“When’s the next gig?” So spoke the trumpeter, composer, bandleader, and Strata-East Records founder Charles Tolliver after receiving the Jazz Foundation of America’s Lifetime Achievement Award on June 23 at City Winery in New York City—one of the highlights of the foundation’s annual Spotlight Jazz benefit event. His query was a clear indication that Tolliver, at a remarkably vibrant 80 years of age, continues to be interested in looking forward, not back. But it’s also a question that countless jazz musicians are asking every day as they struggle to rebuild their lives and careers in the wake of an economically devastating two-year period of loss, lockdown, and constant uncertainty.
That’s where the Jazz Foundation comes in, stepping in to support artists and bring them back from the financial brink. As executive director Joe Petrucelli noted from the City Winery stage, the foundation’s capacities have grown exponentially over the past two years, as has the number of people who’ve been helped by it. These facts are somehow both encouraging and saddening, as an even bigger one looms above them: The pandemic may or may not be almost over, but the need it generated remains great. Most folks in the jazz world are the epitome of the independent contractor; they can’t file for unemployment, and they can’t cash out their 401(k)s as a last resort. But they’ve still got to pay their rent every month, even if they haven’t had a steady gig for the last six, or 12, or 18.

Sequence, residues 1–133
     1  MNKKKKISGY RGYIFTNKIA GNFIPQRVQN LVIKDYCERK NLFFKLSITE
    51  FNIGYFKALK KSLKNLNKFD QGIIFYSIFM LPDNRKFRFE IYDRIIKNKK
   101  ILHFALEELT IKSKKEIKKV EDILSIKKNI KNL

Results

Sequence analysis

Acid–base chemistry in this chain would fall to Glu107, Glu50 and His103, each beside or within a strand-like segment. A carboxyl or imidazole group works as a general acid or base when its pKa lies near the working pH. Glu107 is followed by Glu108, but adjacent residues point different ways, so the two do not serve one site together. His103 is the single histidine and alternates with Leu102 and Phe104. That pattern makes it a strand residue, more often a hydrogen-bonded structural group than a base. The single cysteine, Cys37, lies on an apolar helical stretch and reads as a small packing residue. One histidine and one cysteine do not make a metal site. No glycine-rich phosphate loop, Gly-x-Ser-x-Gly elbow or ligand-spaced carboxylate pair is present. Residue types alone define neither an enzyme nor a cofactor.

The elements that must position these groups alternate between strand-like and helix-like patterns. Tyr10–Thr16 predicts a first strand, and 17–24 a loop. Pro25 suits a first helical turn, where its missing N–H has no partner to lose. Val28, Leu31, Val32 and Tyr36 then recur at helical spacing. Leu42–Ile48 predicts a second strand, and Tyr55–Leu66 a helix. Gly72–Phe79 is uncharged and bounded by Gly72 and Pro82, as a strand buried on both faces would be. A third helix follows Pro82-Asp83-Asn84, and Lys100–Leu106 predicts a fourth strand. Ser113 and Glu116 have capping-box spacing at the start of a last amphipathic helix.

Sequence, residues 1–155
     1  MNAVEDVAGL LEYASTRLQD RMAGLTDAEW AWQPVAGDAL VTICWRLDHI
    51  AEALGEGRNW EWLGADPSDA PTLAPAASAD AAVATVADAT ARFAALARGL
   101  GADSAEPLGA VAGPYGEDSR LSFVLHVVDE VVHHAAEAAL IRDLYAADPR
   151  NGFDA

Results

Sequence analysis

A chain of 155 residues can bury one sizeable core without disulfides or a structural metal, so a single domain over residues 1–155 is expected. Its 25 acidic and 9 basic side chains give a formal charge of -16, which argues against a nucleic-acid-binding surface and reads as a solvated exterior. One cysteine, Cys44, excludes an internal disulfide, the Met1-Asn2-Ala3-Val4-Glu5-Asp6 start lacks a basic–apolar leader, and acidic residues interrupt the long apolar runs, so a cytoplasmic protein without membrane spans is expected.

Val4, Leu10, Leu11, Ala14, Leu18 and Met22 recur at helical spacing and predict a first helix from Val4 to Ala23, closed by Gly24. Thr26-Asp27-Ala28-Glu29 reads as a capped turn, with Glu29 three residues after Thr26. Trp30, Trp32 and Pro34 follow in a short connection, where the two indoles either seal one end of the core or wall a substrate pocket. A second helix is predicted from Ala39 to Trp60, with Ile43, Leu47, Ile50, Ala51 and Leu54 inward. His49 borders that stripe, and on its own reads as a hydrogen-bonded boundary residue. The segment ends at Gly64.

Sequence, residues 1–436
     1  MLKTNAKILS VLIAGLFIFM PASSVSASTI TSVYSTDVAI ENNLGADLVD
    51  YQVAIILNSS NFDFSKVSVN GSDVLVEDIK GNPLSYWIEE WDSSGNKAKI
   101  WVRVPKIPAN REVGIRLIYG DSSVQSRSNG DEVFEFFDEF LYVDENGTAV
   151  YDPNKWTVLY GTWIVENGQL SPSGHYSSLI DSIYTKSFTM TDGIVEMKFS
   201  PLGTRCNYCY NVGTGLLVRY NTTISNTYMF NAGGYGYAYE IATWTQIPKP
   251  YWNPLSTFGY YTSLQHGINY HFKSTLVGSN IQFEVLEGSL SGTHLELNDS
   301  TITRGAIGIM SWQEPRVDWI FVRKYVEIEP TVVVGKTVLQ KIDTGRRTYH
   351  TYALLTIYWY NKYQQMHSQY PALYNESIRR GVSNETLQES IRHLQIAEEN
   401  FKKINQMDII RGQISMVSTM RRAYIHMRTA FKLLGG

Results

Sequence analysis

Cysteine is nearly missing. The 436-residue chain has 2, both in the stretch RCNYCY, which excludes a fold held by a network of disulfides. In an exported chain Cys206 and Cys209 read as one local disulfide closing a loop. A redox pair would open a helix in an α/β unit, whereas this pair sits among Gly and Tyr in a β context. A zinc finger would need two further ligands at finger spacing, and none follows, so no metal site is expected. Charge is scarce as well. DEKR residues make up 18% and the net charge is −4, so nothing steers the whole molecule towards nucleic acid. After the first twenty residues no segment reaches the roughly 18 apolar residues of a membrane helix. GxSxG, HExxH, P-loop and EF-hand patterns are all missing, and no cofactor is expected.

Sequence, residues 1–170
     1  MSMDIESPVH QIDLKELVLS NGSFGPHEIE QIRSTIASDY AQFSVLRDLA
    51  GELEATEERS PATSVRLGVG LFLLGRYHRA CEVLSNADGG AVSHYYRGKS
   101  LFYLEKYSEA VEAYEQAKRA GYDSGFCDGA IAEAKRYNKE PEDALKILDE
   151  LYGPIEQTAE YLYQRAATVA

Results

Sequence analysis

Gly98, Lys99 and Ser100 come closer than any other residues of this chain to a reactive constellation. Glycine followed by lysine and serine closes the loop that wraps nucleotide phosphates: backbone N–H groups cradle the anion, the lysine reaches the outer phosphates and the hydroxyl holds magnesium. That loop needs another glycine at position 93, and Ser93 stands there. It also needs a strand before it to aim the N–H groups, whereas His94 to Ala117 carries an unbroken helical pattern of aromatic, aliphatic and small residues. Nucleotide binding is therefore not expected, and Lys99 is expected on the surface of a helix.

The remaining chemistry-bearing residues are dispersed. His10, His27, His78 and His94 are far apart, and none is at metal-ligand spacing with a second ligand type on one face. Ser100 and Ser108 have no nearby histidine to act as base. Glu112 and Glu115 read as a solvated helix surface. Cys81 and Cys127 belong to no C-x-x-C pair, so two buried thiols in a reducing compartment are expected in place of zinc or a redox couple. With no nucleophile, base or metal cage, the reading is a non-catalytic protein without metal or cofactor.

Electric violinist Lorenzo Laroc, a former member of percussionist Sheila E.’s band, found himself in just such a predicament during the COVID outbreak, and the JFA came to his rescue. His appearance at Spotlight Jazz, on video and in person, brought home both the gravity of the situation and the gratitude of those who’ve been helped. Playing to a pre-recorded hip-hoppy track, he pointed his instrument’s headstock up in the air, then balanced it under his chin and took away his left hand, letting his arm and the violin neck float unencumbered while still bowing the open strings with his right. Sure, it was kind of a gimmick, but it also carried a sense of invocation—a celebratory gesture that seemed to be requesting further action.
The other performances were first-rate. Tolliver ripped through two complex numbers, “Copasetic” and “Suspicion” from his 2020 album Connect, flanked by Jaleel Shaw on alto saxophone, Victor Gould and Keith Brown on piano—the former on the first tune, the latter on the second—Bruce Edwards on guitar, Buster Williams on bass, and Lenny White on drums. (The JFA’s usual house drummer for these events, Steve Jordan, is currently in Europe with the Rolling Stones but was instrumental as always in organizing this show.) Pianist and vocalist Johnny O’Neal gave a touching rendition of “Did I Ever Really Live?” Melanie Charles got the crowd going with her singing, her flute playing, and her way with technology; for her version of Betty Carter’s “Jazz (Ain’t Nothin’ But Soul),” she flew in samples from her own recording of the song (available on her 2021 album Y’all Don’t (Really) Care About Black Women) and triggered them repeatedly at the push of a button, thereby extending and multiplying the sounds of her live voice. And top-notch blues singer Shemekia Copeland closed the night deep in the groove, with help from singer/guitarist Ronnie Baker Brooks.
Yet in the end, it was the cause more than the concertizing that held primacy here. The JFA’s achievements since March 2020 are many, and this event was a splendid way to celebrate them, but it was also a reminder that there’s a lot more to be done. If you are in a position to give, please do.